Progress on pace for LSU

Two hundred ninety-four days have passed since LSU last played inside Tiger Stadium.

Plenty has changed in that time.

At 6 p.m. Saturday, when Les Miles leads his players through the tunnel at the north end of the field, just minutes before kickoff against UAB, the Tigers’ beloved home will have a different look.

Their home opener marks the unveiling of the new north plaza at the 89-year-old Tiger Stadium. It also gives fans a chance to more progress on the horizon. On the south end of the facility, construction continues on an upper deck that will add 7,500 seats, along with suites, standing-room-only areas and new video scoreboards in the southeast and southwest corners (that project will be finished in time for next season).

Saturday also marks a return for some players who haven’t seen Tiger Stadium in quite a while. They include running back Alfred Blue and linebacker Kwon Alexander, who were injured early last season.

Blue tore a ligament in his knee against Idaho last Sept. 15 and was lost for the season.

“I got hurt in Tiger Stadium, and to come back to the support of the fans and my teammates is like a reunion,” Blue said.

Alexander broke an ankle at Florida in October and didn’t play again until the Chick-fil-A Bowl. He hasn’t played in Tiger Stadium since LSU hosted Towson last Sept. 29.

“It’s going to be really crazy,” Alexander said. “I’ve been dreaming about this. I can’t wait to get back out there.”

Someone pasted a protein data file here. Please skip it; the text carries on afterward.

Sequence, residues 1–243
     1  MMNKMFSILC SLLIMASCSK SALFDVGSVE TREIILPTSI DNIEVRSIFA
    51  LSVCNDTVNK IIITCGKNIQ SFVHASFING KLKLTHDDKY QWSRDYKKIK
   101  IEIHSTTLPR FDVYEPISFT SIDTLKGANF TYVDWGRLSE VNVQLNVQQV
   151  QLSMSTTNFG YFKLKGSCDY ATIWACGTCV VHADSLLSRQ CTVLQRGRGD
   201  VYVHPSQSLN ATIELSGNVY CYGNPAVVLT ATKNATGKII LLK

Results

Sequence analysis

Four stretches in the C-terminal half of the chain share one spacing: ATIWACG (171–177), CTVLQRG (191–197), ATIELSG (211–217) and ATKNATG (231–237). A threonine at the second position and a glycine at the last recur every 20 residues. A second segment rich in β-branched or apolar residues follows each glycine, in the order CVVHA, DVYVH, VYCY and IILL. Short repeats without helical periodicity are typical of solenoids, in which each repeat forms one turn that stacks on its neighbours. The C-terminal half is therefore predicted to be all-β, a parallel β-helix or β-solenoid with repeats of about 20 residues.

Despite all the recent change, one thing remains: When it comes to nonconference play, LSU is dominant.

Sure, the Tigers’ home opener against UAB brings to mind the only other time these schools met in a football game. It was a 13-10 upset, one in which the Blazers spoiled homecoming in Nick Saban’s debut season.

That game, however, serves as a reminder of just how powerful the Tigers have been since then.

LSU has not lost in Tiger Stadium to a team from outside the Southeastern Conference since that game against UAB — a streak of 37 consecutive wins. Adding in nonconference road games and neutral-site contests, the Tigers have won their past 42 nonconference regular-season games — an FBS record that began with a 35-10 victory against the Citadel in 2002, when many of the current Tigers were starting grade school.

“That’s a great number. I had no idea,” LSU cornerback Jalen Collins said. “That’s a lot.”

During the streak, the Tigers have defeated at least one team from every FBS conference except the Big 12 and the Big Ten, based on affiliation at the time the games were played. They’ve also beaten seven FCS teams.

Though Collins was unaware of the streak, other players are well aware of it.

“It’s one of those things that coach (Les) Miles talks about — keeping this winning tradition each year, nonconference and conference. It’s going to continue to elevate this program,” wide receiver Jarvis Landry said. “We play some of the better nonconference teams compared to some other schools, and it’s something that we embrace.”

LSU has beaten eight ranked teams during the streak, including last week’s 37-27 win over then-No. 20 TCU in the Cowboys Classic. The Tigers have played five teams in their home stadiums — Arizona, Arizona State, Tulane, Washington and West Virginia — and won twice in Arlington, Texas (TCU and Oregon), and once in Atlanta (North Carolina) at neutral sites.

Though the Tigers have played several marquee nonconference games, like most FBS powers, they’ve played mostly lesser programs as a respite from the grind of conference play.

Only seven of the victories in the streak have been by eight or fewer points, and only two of those have come against teams from conferences that don’t automatically qualify for the BCS, such as UAB (Conference USA). Those were a 24-20 victory against Troy State (Sun Belt) in 2004 and a 24-16 win against Louisiana Tech (Mountain West) in 2009.

“Sometimes, good teams and great teams can overlook those teams, and that’s how upsets happen every year,” Landry said. “We don’t want to be that team. We don’t want to be that team that people tell, “I told you so.” We just want to be that program that continues our tradition.”